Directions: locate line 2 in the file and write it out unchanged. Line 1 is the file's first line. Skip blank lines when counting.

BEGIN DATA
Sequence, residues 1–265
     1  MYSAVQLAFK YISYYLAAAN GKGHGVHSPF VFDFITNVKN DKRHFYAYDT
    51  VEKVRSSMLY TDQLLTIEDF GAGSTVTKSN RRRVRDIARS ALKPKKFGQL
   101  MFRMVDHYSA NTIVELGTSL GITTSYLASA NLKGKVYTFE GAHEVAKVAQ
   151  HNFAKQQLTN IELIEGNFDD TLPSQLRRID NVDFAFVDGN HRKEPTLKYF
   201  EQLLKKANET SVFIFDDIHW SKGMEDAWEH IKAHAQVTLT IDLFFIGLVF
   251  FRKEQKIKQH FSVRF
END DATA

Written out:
     1  MYSAVQLAFK YISYYLAAAN GKGHGVHSPF VFDFITNVKN DKRHFYAYDT